In the vast particle landscape, there are, to borrow a phrase, known knowns (the Standard Model, for example), unknown unknowns (exotic extensions of the Standard Model and beyond), and those ever-interesting known unknowns. A recent CMS observation perfectly fits into this third category. When looking at proton collisions where a J/ψ and a φ meson are produced, CMS observed two unexplained peaks in the data. The first of these structures is consistent with a similar observation made by the CDF collaboration at the Tevatron in 2009, known as Y(4140).
CMS searched for these exotic states in decays of the B+ meson, which produce three particles: J/ψ, φ and K+. From these decays, it is possible to study only the J/ψ-φ part by looking at decays producing two muons from the J/ψ and two K mesons from the φ. Sifting through approximately 2,500 B+ decays with a virtual fine-tooth comb revealed two peaks (see figure) corresponding to particle states with masses of around 4148 MeV and 4316 MeV respectively. This is the largest-ever data sample of such decays, collected from 5.2 fb−1 of proton collisions in 2011 at a centre-of-mass energy of 7 TeV.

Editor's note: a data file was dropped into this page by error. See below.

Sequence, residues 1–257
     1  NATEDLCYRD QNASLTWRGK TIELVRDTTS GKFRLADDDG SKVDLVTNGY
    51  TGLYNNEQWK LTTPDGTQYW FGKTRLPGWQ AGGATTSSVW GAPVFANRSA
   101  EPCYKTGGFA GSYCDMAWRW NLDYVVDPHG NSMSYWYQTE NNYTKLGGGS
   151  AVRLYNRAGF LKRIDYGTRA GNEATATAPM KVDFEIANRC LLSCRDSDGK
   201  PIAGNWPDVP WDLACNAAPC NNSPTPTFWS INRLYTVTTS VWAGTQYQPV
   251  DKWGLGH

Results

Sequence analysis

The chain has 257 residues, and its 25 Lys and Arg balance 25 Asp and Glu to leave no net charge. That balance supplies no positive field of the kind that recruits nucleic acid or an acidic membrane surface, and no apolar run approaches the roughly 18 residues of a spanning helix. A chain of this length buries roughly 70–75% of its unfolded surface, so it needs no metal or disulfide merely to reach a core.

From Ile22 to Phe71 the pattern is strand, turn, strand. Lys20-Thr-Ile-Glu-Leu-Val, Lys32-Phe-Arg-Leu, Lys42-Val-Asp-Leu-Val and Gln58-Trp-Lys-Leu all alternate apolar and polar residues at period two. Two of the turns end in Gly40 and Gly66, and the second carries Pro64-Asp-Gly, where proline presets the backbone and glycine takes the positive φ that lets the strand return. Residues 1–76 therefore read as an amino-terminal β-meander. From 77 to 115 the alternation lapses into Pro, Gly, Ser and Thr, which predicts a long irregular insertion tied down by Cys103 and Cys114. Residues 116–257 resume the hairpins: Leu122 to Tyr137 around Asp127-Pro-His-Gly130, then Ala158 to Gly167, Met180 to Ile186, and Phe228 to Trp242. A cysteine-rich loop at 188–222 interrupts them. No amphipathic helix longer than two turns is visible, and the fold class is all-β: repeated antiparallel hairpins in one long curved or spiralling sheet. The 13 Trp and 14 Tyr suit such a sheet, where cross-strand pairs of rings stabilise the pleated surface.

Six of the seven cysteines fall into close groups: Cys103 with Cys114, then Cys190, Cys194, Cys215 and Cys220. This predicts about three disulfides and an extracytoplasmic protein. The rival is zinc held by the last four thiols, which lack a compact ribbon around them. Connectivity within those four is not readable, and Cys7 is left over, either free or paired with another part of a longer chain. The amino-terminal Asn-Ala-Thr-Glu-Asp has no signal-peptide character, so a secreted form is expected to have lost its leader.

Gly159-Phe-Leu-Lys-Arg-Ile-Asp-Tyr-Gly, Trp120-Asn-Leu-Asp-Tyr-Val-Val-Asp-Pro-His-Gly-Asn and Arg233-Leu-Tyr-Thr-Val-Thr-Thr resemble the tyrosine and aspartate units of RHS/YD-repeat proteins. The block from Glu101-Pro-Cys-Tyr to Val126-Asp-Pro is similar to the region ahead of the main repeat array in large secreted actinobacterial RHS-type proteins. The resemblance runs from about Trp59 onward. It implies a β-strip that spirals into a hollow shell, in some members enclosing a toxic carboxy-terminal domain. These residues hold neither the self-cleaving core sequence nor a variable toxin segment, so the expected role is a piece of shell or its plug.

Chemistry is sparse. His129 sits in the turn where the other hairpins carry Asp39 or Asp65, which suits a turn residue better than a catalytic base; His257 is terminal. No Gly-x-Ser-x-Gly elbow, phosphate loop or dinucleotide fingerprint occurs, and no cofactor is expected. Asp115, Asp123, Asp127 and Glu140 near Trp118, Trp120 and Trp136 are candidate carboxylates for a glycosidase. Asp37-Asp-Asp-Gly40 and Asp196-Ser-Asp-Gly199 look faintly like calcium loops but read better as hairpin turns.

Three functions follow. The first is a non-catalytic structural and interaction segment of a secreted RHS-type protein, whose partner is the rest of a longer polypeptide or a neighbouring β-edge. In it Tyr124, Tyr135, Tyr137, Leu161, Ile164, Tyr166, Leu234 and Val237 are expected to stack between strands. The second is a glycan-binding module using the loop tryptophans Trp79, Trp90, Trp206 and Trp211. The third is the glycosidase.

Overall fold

In 2009, CDF noticed a deviation from the expected background shape (shown in the CMS figure as the blue line) in the form of an excess in the data around a mass of 4140 MeV, which gave this mysterious peak its designated name. Other experiments have sought to verify independently the existence of this structure without success. Until now, that is: In observing an excess at the same mass in the same decay channel as CDF did, CMS has now provided the first confirmation that such a structure actually exists. The interpretation of the second peak CMS observed is complicated by possible interference from φK resonances.
New particle states have been discovered aplenty over the last decade, but these puzzling and unexplained states are a serious challenge to the conventional quark model. One of the possible explanations is that it is a new type of hadron: not a meson made up of a quark and an antiquark or a baryon made of three quarks or antiquarks, but a composition of two quarks and two antiquarks—two mesons stuck together. Studying the data collected in 2012 will help better understand the nature of these two observations and help further explore the world of quantum chromodynamics.
Explore further: Particle oddball surprises physicists